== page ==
Mark S. Frankel
ABSTRACT. A tension between the professions' pursuit of autonomy and the public's demand for accountability has led to the development of codes of ethics as both a foundation and guide for professional conduct in the face of morally ambiguous situations. The profession as an institution serves as a normative reference group for individual practitioners and through a code of ethics clarifies, for both its members and outsiders, the norms that ought to govern professional behavior. Three types of codes can be identified — aspirational, educational and regulatory. All codes serve multiple interests and, as a consequence, perform many functions, eight of which are discussed. The process of developing a code of ethics is assessed because of the role it plays in gaining consensus on professional values and ethical norms. After discussing some of the weaknesses in current approaches to professional self-regulation, several new private and public initiatives are proposed.
Not too long ago, discussions of professional ethics were confined mainly within the professions themselves. This is no longer the case, however. In recent years, a blend of economic, social, legal, and political events has had a profound effect not only on the behavior and performance of professionals, but also on the public's expectations of them. The days of
unquestioned triist and admiration on the part of clients or the general public are past. With increasing fi"equency, the professions are exploring ways to improve professional service and to regain public confidence. It is quite timely, then, for a reassessment of the professions' moral role in society and, specifically, of codes of ethics from the perspectives of why, how, and with what impact In this paper, I do not discuss the "what," or content, of codes of ethics. The matter of content is important, to be sure. But given a choice, I prefer to focus on the more generic issues that apply to codes, whatever their content The issues for discussion here can be approached vwthout any reference to a particular profession or specialized knowledge. I will focus first on the "why" question by briefly reviewing what I refer to as the "society-profession nexus," followed by a relatively quick journey through the moral dimension of the professions and its importance for understanding die relationship among the profession as a group, the larger society, and individual professionals. I will then offer a more detailed functional analysis of codes of professional ethics. The "how" question is next with an examination of the code development process. The matter of "with what impact?" is explored from two perspectives: the current status of professional self-regulation and ways for improving the self-regulatory efforts of the professions, with special emphasis on codes of ethics.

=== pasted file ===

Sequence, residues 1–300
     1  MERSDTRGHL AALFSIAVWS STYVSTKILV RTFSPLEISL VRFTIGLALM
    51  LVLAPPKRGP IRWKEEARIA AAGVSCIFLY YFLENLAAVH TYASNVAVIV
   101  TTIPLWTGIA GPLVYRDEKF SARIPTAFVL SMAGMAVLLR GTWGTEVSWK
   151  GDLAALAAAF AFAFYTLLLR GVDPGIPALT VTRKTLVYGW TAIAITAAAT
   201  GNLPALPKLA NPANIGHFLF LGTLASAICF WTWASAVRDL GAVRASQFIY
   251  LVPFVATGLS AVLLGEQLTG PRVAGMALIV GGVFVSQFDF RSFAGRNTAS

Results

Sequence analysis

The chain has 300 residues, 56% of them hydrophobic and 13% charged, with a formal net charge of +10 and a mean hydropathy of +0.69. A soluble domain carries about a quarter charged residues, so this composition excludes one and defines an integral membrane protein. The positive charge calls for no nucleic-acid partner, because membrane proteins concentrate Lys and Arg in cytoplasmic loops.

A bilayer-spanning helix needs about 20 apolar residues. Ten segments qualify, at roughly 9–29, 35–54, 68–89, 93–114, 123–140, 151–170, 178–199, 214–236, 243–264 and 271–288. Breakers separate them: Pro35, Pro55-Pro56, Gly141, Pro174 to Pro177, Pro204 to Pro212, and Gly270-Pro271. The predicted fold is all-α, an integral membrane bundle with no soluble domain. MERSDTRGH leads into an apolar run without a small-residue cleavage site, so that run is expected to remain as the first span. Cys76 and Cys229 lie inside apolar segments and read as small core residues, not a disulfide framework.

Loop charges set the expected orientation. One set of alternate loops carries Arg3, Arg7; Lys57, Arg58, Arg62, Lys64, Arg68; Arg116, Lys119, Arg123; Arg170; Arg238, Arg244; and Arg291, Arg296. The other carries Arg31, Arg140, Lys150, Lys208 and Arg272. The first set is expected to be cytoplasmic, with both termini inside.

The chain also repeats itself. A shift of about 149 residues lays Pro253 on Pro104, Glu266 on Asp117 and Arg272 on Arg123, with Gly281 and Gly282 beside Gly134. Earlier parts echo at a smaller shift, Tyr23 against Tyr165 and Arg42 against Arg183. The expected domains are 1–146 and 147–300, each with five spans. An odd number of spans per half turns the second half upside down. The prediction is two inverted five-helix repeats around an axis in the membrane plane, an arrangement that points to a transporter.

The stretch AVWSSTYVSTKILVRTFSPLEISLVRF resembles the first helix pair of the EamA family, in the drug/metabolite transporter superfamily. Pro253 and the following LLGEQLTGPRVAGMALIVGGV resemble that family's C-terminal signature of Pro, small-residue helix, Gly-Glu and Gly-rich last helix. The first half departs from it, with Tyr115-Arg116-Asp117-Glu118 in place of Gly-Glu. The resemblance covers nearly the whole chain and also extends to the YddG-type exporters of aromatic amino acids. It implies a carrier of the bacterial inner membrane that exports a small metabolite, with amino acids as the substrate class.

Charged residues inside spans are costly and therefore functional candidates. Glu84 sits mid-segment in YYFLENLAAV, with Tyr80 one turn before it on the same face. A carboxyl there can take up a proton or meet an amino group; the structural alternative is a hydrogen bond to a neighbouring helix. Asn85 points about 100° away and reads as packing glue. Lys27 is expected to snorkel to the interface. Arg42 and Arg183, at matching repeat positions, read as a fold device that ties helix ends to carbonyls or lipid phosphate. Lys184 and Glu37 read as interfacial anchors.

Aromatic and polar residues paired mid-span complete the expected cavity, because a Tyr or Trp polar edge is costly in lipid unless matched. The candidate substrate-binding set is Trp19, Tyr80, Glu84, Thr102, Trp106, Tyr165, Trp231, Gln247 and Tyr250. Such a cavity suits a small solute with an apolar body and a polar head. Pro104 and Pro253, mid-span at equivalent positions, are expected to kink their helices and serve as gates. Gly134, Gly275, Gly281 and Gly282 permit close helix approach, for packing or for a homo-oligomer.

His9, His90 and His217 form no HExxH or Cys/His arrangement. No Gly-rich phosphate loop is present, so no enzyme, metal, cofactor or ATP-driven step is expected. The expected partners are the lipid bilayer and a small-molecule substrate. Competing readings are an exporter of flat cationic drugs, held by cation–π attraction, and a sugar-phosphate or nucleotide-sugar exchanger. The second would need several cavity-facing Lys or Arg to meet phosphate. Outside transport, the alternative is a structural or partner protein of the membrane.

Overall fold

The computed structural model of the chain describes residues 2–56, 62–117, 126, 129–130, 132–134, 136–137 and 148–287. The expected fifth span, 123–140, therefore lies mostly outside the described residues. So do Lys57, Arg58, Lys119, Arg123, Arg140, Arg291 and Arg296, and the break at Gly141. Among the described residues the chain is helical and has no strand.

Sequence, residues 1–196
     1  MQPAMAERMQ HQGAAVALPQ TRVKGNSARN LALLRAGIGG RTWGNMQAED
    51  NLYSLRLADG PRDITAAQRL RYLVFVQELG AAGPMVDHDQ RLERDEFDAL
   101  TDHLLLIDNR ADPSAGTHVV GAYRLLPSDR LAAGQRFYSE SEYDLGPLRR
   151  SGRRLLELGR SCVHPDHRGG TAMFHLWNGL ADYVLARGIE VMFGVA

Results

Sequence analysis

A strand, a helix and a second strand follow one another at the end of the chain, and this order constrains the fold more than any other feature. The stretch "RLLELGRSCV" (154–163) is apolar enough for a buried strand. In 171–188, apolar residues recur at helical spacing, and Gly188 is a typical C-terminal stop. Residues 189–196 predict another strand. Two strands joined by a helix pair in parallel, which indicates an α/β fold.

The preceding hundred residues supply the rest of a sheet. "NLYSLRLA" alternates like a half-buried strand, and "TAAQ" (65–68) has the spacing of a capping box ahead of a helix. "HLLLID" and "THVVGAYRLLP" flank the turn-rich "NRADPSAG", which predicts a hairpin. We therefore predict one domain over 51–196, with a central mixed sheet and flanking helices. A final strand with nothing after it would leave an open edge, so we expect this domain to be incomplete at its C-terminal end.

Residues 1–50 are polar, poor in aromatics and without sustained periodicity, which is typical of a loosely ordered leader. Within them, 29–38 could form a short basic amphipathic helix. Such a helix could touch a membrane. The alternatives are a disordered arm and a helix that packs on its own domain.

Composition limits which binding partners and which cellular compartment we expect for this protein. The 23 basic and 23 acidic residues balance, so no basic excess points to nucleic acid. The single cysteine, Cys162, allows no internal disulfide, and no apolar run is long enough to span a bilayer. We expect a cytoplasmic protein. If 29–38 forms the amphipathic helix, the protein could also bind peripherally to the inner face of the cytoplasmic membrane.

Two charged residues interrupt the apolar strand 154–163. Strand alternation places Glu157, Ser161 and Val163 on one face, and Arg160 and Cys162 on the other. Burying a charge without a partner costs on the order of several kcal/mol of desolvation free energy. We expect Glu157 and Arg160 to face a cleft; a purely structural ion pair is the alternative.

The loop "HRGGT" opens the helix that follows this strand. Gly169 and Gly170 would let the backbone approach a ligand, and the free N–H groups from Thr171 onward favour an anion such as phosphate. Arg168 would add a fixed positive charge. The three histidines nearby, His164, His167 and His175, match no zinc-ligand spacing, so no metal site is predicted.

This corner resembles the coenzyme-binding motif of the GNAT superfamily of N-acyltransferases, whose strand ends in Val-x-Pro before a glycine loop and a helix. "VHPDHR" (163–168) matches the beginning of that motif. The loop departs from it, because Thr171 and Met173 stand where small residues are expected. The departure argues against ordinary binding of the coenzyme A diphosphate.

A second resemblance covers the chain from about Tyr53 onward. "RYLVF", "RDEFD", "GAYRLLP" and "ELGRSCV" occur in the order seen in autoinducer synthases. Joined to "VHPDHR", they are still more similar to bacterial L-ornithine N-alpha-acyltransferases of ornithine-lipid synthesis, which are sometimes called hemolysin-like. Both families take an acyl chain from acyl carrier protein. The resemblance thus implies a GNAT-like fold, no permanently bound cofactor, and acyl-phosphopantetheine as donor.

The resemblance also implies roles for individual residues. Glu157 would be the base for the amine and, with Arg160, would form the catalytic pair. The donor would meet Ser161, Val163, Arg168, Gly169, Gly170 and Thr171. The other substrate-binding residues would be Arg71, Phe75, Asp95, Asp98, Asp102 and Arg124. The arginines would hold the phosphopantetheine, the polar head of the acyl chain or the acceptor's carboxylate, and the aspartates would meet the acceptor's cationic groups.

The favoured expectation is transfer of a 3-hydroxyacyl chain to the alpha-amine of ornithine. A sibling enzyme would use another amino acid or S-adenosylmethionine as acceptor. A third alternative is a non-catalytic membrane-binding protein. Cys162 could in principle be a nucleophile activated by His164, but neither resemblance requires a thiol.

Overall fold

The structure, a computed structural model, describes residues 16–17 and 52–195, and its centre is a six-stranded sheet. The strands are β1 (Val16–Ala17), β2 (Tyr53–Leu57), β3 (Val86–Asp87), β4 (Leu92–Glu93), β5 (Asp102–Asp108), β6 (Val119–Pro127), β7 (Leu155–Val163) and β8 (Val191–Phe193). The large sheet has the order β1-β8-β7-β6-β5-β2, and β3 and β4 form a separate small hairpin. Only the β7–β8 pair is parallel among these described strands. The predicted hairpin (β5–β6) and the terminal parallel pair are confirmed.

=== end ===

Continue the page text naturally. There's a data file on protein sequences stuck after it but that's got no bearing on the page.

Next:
Mark S. Frankel is Head of the Office of Scientific Freedom and Responsihility of the American Association for the Advancement of Science, where he is Staff Director of the Association's Professional Ethics Program. Prior to joining AAAS, he was Director of the Centerfor the Study ofEthics in the Professions at the Illinois Institute of Technology in Chicago. His recent research and writings focus on the role ofprofessional societies in promoting ethical practices hy their members. He has conducted several workshops and seminars on ethicsfor corporate managers, scientists, and engineers.
The society-profession nexus
Historically, the professions and society have engaged in a negotiating process intended to define the terms of their relationship. At the heart of this process is the tension between the professions' pursuit of autonomy and the public's demand for accountabil-
Joumal of Business Ethia %: 109—115, 1989. © 1989 Kluwer Academic Publishers. Printed in the Netherlands.
MarkS.Frankel granted privilege, and that as such, its proper use becomes a moral duty."* It is this moral dimension which helps to shape and sustain the relationship between the profession as a group, its individual members, and diose who receive professional services. Although ultimate responsibility for their actions rests with individual professionals, promoting ethical conduct does not, and should not, have to be solely the responsibility of the individual. Exclusive emphasis on the individual ignores the importance of social structures in shaping individual consciences and behavior. For the professions, "the collectivization of appropriate norms and their transmission to individual practitioners are the cornerstones"' of the trust relationship between individual practitioners and clients. This is so because "we place our trust not only in individual professionals, but also in the professional group. We rely on the group to guarantee that its members fulfill their agency obligations. . . . And we trust professionals because the exercise of professional discretion at the individual level is governed by rules which are prescribed and enforced by the group."' The professional group, as a more visible, more stable, and more enduring entity, has a collective moral responsibility that is non-distributive; that is, a responsibility borne by the profession as a whole independent of the ethical posture of its individual members.